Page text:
Tue, Oct 08, 2013 - Page 9 News List

Tea Party Republicans emerged from a bizarre political culture

The US is on the brink of disaster, brought to it by a movement unique in its startling lack of realism and rigor, despite being occasionally well-polished

By Henry Porter  /  The Observer

“Many pander to extremists on their own side rather than forging sensible alliances with the other,” the magazine’s leader says.

A couple of weeks ago, writing about gun control in the US, I applied the ironic technique of treating the US with the same condescension that the US speaks about other nations. Those tropes would be pointless for the Tea Party, for there are few movements anywhere in the world that are so unrealistic or have such a startling lack of rigor. Satire and irony are useless when it comes to a movement that is pro-life on abortion, but pro-death in the matter of executing people or the 32,000 yearly toll caused by privately owned firearms.

Tea Party Republicans pepper their speeches with the words “freedom” and “liberty,” but do nothing to oppose the government surveillance programs that infringe the rights of all Americans. They rail against the power of big government, but never the malignancy of big business.

They are all over the map. Their policies are like the diet of high fructose corn syrup that TPers often favor — appetizing, temporarily satisfying, but ultimately a health hazard.


Cruz was elected November last year, but has already become a national figure and is being touted as a possible presidential candidate in 2016. Princeton and Harvard educated, with a Cuban father, he looks quite a bit like a young version of former US Senator Joseph McCarthy. And indeed, shortly after arriving in Washington, his prosecutorial line of questioning of then former US senator Chuck Hagel, Obama’s nominee for defense secretary, with its references to possible ties to foreign enemies, reminded people of McCarthy: “Are you or have you ever been...”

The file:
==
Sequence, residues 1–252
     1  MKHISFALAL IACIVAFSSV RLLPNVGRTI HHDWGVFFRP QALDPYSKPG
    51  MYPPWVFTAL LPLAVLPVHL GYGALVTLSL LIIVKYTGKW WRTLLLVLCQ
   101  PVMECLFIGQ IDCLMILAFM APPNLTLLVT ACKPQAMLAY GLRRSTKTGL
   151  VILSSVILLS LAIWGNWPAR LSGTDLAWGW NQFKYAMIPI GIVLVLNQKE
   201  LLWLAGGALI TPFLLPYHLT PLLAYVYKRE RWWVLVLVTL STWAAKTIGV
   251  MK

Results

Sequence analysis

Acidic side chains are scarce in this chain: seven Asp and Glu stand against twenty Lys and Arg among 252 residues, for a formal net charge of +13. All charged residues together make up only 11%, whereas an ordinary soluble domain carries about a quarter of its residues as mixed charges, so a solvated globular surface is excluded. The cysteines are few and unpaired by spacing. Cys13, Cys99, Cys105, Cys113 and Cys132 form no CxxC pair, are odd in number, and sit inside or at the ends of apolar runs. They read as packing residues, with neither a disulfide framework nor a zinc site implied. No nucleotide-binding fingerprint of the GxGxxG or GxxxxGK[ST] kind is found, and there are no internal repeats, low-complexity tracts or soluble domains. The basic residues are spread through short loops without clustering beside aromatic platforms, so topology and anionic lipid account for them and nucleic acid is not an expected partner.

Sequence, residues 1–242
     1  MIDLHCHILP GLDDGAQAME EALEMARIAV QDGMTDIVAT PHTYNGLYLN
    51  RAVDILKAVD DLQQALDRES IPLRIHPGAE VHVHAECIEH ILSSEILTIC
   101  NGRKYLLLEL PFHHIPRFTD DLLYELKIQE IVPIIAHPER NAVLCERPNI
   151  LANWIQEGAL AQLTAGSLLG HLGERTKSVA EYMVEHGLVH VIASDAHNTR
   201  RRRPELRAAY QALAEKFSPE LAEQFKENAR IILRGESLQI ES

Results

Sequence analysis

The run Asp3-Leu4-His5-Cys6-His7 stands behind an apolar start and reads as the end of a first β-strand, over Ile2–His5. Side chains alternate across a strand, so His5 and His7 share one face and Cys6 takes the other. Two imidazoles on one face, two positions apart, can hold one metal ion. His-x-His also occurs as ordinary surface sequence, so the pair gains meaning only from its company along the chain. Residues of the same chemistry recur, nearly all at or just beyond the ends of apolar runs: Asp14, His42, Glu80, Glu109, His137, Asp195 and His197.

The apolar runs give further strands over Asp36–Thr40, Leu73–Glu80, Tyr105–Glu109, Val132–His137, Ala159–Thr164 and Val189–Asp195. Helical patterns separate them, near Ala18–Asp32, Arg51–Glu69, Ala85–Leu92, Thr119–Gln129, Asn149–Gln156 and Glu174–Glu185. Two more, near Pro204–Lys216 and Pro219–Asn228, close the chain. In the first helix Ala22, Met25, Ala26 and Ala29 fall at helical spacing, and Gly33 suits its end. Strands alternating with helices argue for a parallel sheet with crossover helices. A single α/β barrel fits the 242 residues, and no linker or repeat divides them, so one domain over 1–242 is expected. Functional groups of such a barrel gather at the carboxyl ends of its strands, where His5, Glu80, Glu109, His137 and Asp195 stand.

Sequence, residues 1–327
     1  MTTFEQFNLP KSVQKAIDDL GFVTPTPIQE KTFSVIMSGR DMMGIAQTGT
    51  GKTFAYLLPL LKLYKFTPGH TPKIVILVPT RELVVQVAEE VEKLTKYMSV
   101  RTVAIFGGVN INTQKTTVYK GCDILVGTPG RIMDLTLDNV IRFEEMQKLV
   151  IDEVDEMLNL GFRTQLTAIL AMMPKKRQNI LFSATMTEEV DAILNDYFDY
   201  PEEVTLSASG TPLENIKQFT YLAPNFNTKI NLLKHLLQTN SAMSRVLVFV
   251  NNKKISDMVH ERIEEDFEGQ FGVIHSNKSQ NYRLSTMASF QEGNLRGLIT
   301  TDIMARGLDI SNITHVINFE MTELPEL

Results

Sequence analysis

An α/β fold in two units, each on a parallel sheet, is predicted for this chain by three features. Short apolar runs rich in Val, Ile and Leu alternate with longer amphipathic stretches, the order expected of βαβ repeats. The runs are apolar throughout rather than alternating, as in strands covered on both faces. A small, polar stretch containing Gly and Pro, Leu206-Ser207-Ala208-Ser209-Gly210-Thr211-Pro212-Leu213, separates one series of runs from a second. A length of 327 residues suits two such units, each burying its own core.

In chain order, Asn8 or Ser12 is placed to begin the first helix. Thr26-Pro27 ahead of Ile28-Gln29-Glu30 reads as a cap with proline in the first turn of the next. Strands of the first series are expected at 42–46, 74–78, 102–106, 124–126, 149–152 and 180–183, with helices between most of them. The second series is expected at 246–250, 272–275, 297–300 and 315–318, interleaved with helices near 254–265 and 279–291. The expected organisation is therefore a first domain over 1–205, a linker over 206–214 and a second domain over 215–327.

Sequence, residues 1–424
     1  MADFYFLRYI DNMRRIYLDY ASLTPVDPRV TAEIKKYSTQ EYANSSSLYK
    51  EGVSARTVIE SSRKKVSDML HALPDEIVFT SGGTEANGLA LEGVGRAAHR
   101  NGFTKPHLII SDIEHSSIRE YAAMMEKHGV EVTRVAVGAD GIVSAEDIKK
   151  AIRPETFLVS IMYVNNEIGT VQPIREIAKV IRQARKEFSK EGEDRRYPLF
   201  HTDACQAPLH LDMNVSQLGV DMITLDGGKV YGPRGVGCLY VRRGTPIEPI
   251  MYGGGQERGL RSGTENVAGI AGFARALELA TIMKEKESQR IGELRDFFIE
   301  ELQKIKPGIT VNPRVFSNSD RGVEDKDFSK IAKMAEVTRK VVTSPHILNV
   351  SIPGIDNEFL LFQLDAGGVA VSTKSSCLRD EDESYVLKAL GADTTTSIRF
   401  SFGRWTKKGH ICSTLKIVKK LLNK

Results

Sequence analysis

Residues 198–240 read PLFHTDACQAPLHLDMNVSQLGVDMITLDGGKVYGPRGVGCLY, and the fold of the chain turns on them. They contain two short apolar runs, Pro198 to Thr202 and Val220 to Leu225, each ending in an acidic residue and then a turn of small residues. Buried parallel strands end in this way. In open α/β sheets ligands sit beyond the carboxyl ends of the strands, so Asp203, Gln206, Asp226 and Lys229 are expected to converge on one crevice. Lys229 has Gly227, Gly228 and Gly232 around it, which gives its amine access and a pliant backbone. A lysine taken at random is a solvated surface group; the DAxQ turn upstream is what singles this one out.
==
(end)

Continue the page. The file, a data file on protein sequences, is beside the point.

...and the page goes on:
I recommend his filmed interviews, especially with Evan Smith of the Texas Tribune, because you will not see a more polished zealot. This is a man who agreed that Social Security was a Ponzi scheme on the grounds that it paid investors from their own money or the money invested by others.

He regards many of his colleagues as “squishy Republicans” and repeats this refrain: “The federal government is engaged on a war on jobs and what is at stake is individual liberty and the constitution,” which makes absolutely no sense, given the hundreds of thousands of government employees now on unpaid leave because of the shutdown.

If you found yourself on a train with Cruz, you would be struck by his intelligence and confident manner, and initially you might buy his line that the US Constitution needs to be redrafted to beef up the 9th and 10th Amendments, which he says would enhance individual liberties and the states’ powers. However, very soon you would see none of it adds up and that his suspicion of government is far greater than his love of liberty.

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